Home > Culture > Opening to the World > Grandmother > Evelyne in Montreal footsteps icon

Evelyne in Montreal

4:52 min. - Shortly after the residential school period, Evelyne goes to study in Montreal.


Evelyne St-Onge - My sister, who lived in Montréal, asked me to come and take care of her son, and I went. I went to work for her as a nanny. Anyhow, she said, "Why don't you apply here?" And... we ended up going to the same place she studied. Because she is also a nurse's aide, and it was in Buckingham. I was accepted immediately. Exactly one year without going back to my community in Schefferville. I missed the Innu language without realizing it. I didn't speak. I just listened... to hear Innu spoken. It was like a song. I was going to graduate and I was looking for someone to come to my graduation with me. And my brother introduced me to someone, introduced me to Gilles, I found someone to accompany me to my graduation. And I found myself a husband at the same time. We have two children, Benoît and Michèle. I really liked his adventurous spirit. It wasn't complicated to get up and go... at any time. And I... in my nomad spirit, I was always ready to go and we got as far as California. We travelled around California... we went to Cuba. Indians were very much appreciated and... it was quite exotic to be Native, to be Indian at that time. I found it quite hard to live in Montréal with 2 children, and I was... I started getting stressed out. Finally we decided to move to Schefferville. Schefferville, I found... really really hard, quite difficult at first, because I witnessed many instances of racism. Gilles and I started drifting away from each other, and also at the age... I was 30, I had two children, and one Christmas Eve, one of my friends had invited us to spend Christmas with them, and she was shaking the gifts. And she said: "I hope it's what I asked for". She wanted a chain. My friend had a chain around her neck, on her arm, on her leg. And I thought: "Where is she going to put another chain?" And then I... a question popped into my head, I thought: "Do I want to be chained up like this? Will I live in French, will I live in Innu?" And the... the questions came tumbling out one after the other, and never, never stopped. Who was I? Am I Innu, Québécoise? If I'm Québécoise, I'll have to accept to live as they do. I'll have to accept... I'll have to change my values, and if I'm Innu, I know absolutely nothing about my culture. Gilles and I separated, and I came back to the Innu. The Innu told me: "Things are going badly since you've been back". Because I spent all my time denouncing... all kinds of things, because at that time, when I was there, all Innu children were classified as maladaptive. And classifying them as maladaptive brought many subsidies to the school. I wasn't comfortable with that, why, we must tell them... the Innu need to know what's going on, and they need to be part of decision-making. Not be just, persons so the school gets subsidized, they have to get involved. The hardest thing I found at that time was... to realize that I knew absolutely nothing about my culture. All I knew was how to speak Innu.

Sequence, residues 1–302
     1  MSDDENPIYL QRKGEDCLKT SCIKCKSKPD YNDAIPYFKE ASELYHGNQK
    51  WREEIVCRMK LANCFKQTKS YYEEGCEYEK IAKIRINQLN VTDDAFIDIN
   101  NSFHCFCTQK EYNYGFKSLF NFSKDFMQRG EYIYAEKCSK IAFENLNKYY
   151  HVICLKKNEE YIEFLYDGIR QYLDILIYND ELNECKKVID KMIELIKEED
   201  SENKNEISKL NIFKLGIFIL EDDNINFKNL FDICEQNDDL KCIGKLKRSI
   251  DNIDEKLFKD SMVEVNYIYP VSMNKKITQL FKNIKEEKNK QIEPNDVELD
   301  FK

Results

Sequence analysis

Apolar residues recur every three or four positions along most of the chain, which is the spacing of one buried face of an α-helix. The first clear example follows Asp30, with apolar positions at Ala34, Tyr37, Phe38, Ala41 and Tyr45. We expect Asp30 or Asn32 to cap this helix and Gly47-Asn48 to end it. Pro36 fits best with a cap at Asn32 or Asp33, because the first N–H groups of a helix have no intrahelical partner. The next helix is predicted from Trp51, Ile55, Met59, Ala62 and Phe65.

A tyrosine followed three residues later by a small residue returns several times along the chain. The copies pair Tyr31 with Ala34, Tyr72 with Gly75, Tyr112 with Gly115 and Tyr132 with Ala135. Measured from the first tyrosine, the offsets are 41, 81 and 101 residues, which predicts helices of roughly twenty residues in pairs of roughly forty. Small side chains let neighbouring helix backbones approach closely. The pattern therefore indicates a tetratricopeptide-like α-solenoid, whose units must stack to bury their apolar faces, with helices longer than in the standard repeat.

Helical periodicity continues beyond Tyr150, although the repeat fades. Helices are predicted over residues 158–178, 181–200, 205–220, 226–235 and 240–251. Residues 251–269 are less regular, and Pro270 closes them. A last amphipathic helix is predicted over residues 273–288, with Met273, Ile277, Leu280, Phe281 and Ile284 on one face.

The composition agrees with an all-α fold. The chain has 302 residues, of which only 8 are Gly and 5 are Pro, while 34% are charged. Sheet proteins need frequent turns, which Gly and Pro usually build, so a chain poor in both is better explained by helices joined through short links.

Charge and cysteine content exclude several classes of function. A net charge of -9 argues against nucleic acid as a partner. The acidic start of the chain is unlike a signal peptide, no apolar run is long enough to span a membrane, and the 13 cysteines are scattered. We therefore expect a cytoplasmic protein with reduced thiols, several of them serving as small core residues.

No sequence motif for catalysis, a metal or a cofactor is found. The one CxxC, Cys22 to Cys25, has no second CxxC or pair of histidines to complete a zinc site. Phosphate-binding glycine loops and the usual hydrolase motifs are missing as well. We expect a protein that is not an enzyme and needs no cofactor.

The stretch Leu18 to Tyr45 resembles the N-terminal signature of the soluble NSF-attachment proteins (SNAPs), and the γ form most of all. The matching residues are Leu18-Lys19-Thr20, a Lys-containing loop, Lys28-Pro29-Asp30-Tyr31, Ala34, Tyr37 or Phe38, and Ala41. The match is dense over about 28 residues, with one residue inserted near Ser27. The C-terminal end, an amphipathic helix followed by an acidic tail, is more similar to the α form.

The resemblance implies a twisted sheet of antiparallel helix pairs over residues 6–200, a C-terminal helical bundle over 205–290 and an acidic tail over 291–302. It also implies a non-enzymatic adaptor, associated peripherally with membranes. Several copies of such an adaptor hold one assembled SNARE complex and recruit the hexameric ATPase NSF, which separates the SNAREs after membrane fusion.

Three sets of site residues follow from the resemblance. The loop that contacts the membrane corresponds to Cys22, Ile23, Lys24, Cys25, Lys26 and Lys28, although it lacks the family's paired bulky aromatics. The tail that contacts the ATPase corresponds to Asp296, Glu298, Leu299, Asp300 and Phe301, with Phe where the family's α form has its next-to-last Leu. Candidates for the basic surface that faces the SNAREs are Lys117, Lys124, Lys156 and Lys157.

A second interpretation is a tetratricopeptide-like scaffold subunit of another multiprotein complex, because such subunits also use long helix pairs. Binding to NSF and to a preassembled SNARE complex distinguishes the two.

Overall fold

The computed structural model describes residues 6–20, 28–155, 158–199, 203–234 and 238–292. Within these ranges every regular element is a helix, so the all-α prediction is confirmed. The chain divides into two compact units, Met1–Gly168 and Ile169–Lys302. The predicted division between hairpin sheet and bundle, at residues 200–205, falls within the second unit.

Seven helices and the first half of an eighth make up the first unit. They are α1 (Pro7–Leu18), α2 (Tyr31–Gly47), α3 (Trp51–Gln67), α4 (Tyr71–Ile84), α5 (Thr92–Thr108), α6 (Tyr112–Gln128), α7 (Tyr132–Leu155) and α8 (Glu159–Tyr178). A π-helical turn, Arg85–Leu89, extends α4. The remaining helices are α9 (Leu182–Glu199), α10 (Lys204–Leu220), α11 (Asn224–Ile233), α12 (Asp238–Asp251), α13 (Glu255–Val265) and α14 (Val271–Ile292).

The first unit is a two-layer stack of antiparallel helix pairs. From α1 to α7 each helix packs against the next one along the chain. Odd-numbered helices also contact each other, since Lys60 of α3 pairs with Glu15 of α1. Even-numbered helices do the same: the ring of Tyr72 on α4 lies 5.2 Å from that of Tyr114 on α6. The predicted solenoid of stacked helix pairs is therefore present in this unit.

Music - Kathia Rock

1 Comment

Pierre Bastien 7 years, 3 months ago

Je viens de revoir Évelyne que je n'avais pas vue depuis 1967, l'année de notre graduation.
Je suis tout ému de l'entendre.

(*) Field mandatory


Top of page